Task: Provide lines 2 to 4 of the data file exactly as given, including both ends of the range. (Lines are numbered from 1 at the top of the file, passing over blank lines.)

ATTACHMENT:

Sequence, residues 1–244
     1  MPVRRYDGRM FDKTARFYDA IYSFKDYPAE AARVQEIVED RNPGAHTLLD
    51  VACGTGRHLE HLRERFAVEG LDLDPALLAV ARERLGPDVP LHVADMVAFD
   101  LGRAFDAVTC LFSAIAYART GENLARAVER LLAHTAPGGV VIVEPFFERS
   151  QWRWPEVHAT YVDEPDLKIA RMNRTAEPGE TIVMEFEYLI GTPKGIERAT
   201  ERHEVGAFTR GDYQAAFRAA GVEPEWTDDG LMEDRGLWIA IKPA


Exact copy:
     1  MPVRRYDGRM FDKTARFYDA IYSFKDYPAE AARVQEIVED RNPGAHTLLD
    51  VACGTGRHLE HLRERFAVEG LDLDPALLAV ARERLGPDVP LHVADMVAFD
   101  LGRAFDAVTC LFSAIAYART GENLARAVER LLAHTAPGGV VIVEPFFERS